After spending many an hour with Lost Snowmen, attempting to help them find their way off a god-forbidden planet and get home, I’ve one real takeaway – I just wish for them to get lost again. But you can be sure that if they do, I won’t be helping them a second time around.
Lost Snowmen from Half-Face Games and Silen Games is sold as a puzzle platformer with a story – a tale that focuses on the efforts of three alien snowmen attempting to find a way home. You see, they’ve crashed onto a strange planet – TR-4421, otherwise known as Earth – before discovering that it is rich with enough fuel to help them get home. It’s also home to many a Deserter; folk from their race who have seemingly taken it upon themselves to call this planet home. The problem is, if the earthlings discover these Deserters, their home planet of Pectus will no longer be a secret. Therefore, the Deserters must be destroyed.
The thing is, the story that the development team is trying to tell just doesn’t work. Not only have they tried to run a humorous angle (it’s not, by the way), but a whole ton of grammar and spelling mistakes mean it’s extremely tricky to follow. You can also throw in the fact that as the story is told through speech bubbles, the camera flicks all over the shop, trying to centralise on the character chatting. That would be fine, but there’s so much chat that after a little while, the flitting from here to there gets tiresome and nauseous. It’s not helped by the fact that you can’t skip the dialogue, left to take it in time and time again as you fail in your level objectives. Yes, Half-Face has included a switch in the menu system to turn off all dialogue, and doing so it makes Lost Snowmen an altogether easier-to-handle game, but that in turn seems to defeat the whole narrative objective in the first place.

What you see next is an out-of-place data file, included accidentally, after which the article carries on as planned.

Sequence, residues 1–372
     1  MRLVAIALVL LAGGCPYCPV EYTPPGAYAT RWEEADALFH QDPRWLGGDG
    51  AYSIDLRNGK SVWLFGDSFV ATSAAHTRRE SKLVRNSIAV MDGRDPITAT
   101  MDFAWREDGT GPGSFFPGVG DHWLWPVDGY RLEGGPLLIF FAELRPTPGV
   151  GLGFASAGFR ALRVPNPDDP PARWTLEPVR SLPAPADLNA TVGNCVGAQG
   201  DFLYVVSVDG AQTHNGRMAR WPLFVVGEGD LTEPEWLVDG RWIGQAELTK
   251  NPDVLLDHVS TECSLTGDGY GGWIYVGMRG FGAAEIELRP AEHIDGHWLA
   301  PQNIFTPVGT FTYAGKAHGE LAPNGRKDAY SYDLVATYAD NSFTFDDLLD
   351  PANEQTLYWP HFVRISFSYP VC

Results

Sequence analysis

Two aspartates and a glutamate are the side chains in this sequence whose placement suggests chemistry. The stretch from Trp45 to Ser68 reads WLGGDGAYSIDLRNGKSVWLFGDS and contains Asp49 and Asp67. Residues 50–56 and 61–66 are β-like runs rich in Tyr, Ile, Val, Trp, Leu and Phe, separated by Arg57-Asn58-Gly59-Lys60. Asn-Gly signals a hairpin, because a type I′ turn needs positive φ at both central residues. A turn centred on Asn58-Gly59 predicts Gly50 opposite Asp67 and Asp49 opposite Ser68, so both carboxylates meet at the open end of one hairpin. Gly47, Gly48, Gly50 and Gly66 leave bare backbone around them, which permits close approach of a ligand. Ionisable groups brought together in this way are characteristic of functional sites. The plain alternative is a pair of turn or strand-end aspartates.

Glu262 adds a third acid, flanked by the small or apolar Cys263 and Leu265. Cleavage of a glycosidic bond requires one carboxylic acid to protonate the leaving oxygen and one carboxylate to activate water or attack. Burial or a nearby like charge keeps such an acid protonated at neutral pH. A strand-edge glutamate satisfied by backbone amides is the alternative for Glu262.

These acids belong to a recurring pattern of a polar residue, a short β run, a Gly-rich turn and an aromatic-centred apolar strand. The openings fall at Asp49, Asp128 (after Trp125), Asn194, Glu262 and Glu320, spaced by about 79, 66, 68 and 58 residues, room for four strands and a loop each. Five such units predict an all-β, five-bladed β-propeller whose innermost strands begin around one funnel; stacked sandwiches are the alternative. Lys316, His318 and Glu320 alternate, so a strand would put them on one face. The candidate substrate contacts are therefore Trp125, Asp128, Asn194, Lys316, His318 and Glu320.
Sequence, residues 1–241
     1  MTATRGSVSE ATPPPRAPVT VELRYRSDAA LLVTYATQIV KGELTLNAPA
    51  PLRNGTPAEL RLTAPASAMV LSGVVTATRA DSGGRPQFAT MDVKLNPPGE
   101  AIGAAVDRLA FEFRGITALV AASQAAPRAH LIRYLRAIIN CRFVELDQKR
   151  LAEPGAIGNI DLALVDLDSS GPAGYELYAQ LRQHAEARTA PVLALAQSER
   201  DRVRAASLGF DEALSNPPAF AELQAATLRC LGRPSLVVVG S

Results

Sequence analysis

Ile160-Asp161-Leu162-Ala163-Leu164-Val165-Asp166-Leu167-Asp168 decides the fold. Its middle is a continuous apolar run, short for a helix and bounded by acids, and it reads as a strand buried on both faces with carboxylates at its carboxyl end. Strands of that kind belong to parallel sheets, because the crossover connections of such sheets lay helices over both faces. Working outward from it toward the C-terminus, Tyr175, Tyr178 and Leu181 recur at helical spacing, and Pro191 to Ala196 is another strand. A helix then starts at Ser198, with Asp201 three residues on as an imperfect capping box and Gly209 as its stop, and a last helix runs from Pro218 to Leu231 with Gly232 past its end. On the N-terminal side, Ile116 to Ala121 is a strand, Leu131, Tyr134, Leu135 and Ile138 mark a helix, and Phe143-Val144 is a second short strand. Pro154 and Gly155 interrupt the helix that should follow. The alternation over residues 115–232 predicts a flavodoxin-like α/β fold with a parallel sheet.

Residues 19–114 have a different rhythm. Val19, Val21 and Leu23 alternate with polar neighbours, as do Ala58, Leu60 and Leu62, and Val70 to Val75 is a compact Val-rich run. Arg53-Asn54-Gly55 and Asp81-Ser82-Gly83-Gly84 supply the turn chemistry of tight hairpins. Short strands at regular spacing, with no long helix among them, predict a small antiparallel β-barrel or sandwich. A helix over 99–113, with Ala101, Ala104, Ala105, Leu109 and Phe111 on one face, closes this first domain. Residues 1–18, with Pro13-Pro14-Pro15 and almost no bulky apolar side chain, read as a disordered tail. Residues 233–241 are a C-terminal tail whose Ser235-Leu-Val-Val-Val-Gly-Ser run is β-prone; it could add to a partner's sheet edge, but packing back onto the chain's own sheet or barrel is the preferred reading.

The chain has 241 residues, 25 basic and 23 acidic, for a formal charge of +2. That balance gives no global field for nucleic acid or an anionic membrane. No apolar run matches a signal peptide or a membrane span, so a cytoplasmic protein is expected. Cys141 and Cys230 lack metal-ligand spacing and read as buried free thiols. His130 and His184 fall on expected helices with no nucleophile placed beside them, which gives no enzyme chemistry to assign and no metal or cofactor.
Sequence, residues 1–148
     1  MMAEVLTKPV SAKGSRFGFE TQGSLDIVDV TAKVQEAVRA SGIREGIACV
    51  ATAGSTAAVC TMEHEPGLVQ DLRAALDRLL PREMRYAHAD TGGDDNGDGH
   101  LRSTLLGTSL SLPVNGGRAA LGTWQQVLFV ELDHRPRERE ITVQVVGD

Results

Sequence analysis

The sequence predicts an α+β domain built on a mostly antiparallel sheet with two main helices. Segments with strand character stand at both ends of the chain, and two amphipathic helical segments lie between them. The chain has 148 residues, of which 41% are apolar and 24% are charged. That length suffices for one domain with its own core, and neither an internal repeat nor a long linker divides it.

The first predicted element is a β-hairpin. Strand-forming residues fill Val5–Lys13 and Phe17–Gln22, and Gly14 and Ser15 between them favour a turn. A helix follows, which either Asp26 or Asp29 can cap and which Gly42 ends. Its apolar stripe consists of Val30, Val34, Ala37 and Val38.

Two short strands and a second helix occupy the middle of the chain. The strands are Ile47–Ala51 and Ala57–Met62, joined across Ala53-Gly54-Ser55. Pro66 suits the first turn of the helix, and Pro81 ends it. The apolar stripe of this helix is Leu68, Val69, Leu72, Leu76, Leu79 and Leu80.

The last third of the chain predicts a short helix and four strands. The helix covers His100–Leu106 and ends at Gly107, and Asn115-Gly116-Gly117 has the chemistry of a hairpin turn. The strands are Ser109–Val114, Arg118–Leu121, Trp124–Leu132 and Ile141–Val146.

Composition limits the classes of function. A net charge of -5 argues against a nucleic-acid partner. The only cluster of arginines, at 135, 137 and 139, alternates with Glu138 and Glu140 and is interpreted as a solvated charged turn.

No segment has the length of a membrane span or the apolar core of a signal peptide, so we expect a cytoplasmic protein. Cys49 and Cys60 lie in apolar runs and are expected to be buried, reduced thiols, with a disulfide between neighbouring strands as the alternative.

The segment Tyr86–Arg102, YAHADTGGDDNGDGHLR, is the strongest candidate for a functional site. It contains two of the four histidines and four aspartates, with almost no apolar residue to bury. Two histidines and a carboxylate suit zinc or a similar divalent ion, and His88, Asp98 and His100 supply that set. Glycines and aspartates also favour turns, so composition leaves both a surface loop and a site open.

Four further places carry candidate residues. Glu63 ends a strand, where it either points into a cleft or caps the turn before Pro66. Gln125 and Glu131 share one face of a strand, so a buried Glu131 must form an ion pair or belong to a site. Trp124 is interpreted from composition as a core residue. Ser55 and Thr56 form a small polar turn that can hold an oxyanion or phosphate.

When you can move away from the constant chatter, the puzzling aspect of Lost Snowmen is actually very good. Your task is to collect fuel that is scattered around each stage, before taking down and destroying any Deserter that you may come across. Each of the three lost snowmen having their own unique skills – Lord Fuse throws bombs, Hill has fists of steel and YoYo (the most annoying of the three) can jump up a level or two. Working as a team in order to navigate and traverse the stages can be tactically decent, particularly when you combine the skills of the trio as one; for instance utilising Hill’s power to put YoYo into a spin, ensuring he can be flung across gaping chasms, or filling up Hill with one of Fuse’s bombs, making him fly sky high.
It’s a shame then that at times, you’ll find yourself needing to restart levels, all after cornering your snowpeople into dead ends, unable to get out and reach the safe confines they need. Granted there’s not a single level in Lost Snowmen which will take you too long to complete – on the whole, the speedrunning timer that is in place points to just a few minutes for each – but having to restart and go through the mess of dialogue again really does grate.